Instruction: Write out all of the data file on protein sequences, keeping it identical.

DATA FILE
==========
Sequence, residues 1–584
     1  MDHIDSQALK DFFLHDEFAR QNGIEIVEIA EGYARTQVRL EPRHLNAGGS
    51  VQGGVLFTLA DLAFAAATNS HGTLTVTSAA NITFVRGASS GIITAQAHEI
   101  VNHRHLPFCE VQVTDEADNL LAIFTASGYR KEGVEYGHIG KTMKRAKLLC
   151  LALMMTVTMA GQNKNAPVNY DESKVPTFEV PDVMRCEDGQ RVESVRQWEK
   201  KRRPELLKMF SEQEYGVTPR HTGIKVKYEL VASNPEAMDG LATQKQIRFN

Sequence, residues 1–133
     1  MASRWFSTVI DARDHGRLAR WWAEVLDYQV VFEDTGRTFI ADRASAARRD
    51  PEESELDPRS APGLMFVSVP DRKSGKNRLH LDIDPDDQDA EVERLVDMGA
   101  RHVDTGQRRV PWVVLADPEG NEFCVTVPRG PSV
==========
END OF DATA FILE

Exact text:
Sequence, residues 1–584
     1  MDHIDSQALK DFFLHDEFAR QNGIEIVEIA EGYARTQVRL EPRHLNAGGS
    51  VQGGVLFTLA DLAFAAATNS HGTLTVTSAA NITFVRGASS GIITAQAHEI
   101  VNHRHLPFCE VQVTDEADNL LAIFTASGYR KEGVEYGHIG KTMKRAKLLC
   151  LALMMTVTMA GQNKNAPVNY DESKVPTFEV PDVMRCEDGQ RVESVRQWEK
   201  KRRPELLKMF SEQEYGVTPR HTGIKVKYEL VASNPEAMDG LATQKQIRFN

Sequence, residues 1–133
     1  MASRWFSTVI DARDHGRLAR WWAEVLDYQV VFEDTGRTFI ADRASAARRD
    51  PEESELDPRS APGLMFVSVP DRKSGKNRLH LDIDPDDQDA EVERLVDMGA
   101  RHVDTGQRRV PWVVLADPEG NEFCVTVPRG PSV